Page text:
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Not sure how to create a paid time off policy for your small business? This guide will help you build the right one for your team — and your bottom line.

How to create a paid time off policy

As much as your employees may enjoy working for you, chances are they’d like some time off now and then — preferably with pay. And enough employers offer various forms of paid leave that they’re an expected benefit in most industries. According to the T-Sheets 2019 PTO Report, 69% of employees at small businesses receive paid vacation, and 81% of employers offer paid sick leave.

 

If you want to attract and retain the best talent for your business, your time off policies must be competitive. Employees in a recent Glassdoor survey ranked PTO as the second most popular benefit (tied with retirement benefits, and just behind health insurance).

 

Time off policies can take a number of forms, including vacation, paid leave, sick pay, and paid holidays. Offering time off of any sort will cost your business money and can lead to scheduling issues, so you need to think about it carefully. At the same time, employees will be happier, more engaged, and less likely to bring the flu to work, so there are big potential benefits, too.

 

This guide will help you figure out the right combination of policies to take care of your business and your team. Let’s start off by looking at the types of policies:

 

Vacation Policies

Writing a vacation policy isn’t complicated, and there are several templates available online. But before you start, you’ll want to nail down a few basics:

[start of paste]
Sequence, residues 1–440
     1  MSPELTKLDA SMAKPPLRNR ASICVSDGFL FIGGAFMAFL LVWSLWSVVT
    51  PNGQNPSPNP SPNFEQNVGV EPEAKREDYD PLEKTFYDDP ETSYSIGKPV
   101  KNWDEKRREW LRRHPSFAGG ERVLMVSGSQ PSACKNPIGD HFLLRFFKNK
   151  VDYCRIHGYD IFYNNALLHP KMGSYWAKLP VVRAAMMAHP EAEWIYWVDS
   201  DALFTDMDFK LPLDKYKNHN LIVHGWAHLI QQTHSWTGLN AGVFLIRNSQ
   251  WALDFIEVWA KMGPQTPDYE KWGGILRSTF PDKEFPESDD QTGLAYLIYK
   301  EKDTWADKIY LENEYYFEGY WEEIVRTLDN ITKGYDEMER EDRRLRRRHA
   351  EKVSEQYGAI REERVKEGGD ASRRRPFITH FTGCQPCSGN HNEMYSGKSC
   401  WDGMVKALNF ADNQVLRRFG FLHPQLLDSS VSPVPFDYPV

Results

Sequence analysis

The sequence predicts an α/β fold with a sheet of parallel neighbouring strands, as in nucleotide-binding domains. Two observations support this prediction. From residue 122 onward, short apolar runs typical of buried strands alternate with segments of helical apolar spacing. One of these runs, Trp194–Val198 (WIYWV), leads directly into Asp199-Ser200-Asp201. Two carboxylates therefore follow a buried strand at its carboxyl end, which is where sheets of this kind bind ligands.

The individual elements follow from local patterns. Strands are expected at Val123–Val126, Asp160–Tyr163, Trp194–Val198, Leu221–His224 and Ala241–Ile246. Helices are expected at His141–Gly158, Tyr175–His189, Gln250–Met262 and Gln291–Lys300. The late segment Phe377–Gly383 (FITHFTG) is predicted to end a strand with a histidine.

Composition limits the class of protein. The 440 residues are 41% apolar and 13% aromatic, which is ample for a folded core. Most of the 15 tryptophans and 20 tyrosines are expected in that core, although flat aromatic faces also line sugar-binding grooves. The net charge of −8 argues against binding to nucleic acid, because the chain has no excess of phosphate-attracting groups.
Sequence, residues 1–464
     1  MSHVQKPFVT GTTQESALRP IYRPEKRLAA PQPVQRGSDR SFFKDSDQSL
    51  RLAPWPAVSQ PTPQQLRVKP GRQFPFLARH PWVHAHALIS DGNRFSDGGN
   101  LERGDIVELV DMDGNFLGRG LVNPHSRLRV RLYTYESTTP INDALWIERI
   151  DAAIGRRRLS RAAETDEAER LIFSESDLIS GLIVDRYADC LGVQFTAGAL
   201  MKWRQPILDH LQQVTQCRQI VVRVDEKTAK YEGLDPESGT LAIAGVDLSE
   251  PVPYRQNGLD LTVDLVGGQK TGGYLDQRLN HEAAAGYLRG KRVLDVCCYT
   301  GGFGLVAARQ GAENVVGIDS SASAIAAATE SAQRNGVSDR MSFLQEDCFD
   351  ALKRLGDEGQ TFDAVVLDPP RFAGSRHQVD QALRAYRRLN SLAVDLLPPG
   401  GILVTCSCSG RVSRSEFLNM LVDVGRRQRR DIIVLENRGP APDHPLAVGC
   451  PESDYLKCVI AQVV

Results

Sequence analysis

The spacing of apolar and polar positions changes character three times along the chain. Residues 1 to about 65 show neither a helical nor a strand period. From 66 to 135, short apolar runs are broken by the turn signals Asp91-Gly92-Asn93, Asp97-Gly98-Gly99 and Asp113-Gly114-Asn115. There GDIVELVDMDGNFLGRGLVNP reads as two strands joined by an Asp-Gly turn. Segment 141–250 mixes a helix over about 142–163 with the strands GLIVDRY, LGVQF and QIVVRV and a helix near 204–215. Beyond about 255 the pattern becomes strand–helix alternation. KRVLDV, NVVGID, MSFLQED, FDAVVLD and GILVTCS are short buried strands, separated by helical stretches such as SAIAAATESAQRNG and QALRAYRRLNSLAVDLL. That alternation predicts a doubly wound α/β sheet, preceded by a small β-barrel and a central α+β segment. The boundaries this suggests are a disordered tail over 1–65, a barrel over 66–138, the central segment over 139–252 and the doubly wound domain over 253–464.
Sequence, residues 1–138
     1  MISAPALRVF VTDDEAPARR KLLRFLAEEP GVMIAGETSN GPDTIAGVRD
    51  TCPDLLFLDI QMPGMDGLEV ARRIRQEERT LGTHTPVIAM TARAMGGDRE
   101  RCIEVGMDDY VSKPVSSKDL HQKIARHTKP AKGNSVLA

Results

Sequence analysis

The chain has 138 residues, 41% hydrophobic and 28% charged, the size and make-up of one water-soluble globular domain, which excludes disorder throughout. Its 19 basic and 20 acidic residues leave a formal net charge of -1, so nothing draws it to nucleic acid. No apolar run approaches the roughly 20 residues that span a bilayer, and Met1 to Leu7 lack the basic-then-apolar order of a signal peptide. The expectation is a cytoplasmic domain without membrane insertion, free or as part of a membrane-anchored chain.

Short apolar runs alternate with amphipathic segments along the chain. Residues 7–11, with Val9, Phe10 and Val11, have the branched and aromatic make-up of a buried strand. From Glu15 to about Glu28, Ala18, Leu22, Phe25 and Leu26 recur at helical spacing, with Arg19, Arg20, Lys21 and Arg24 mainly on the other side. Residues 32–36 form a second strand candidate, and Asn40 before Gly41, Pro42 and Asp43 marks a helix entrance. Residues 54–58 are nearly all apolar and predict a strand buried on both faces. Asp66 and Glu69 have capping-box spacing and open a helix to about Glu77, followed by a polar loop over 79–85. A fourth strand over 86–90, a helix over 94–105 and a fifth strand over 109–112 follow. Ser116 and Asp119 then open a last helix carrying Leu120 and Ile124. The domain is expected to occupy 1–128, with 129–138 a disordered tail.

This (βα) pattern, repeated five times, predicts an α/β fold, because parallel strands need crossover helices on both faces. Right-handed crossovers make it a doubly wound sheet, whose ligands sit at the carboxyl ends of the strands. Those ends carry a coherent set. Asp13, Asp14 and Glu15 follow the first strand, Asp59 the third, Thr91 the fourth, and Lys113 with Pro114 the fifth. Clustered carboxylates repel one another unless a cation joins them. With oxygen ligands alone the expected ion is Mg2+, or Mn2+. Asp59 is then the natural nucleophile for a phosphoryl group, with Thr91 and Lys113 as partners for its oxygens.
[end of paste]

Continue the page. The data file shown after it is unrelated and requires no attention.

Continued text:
• Eligibility. How long will employees be required to work before they begin to earn time off? Is vacation just for full-time employees or will you offer vacation time for part-timers, too?
  • Accrual. Some companies reward loyalty by tying the number of vacation days to years of service — say, two weeks for the first five years, three weeks for 6 – 10 years, and four weeks for 11+ years. Some companies also offer different accrual rates for different types of employees. Other companies choose a simpler approach such as three weeks for everyone.
  • Rules and administration. Use-it-or-lose-it vacation encourages employees to take all their vacation each year, while carry-over policies allow more flexibility — but can lead to very long vacations or a large payout if an employee with accrued vacation leaves your company. Requiring that employees request vacation a week or more in advance allows you to accommodate the absence of employees more economically, while day-before notice provisions give employees maximum flexibility.

Remember, state law may require you to pay employees for unused accrued vacation time if they quit or are terminated, so it’s a good idea to do your research so you’re ready when it happens.

 

Holidays

Observing holidays can be an economical way to offer paid time off, especially if you have a business that can close down without incurring significant costs or lost sales. The average American worker enjoys seven or eight paid holidays, according to a recent SHRM study. While no federal law requires you to pay employees for unworked holidays, paid holidays have become one of the most widely offered employee benefits. You are free to observe whichever holidays you wish.

More than 75 percent of companies of all sizes and industries observe these seven holidays by closing their business:

 

  • New Year’s Day
  • Memorial Day
  • Independence Day
  • Labor Day
  • Thanksgiving Day
  • Day after Thanksgiving
  • Christmas

But if you’re in industries like retail, hospitality, healthcare, or manufacturing, chances are you’re at least partially open for business on those days. It can be tricky to balance staffing with most employees’ desire to spend holidays decompressing and being with family. “We have a policy that nobody can take more than two days off in a row from the day after Thanksgiving through the day after Christmas,” says long-time retail store owner Jane Gomez. “But, we make sure that our managers save some PTO time for January so they can recover from the busy season.”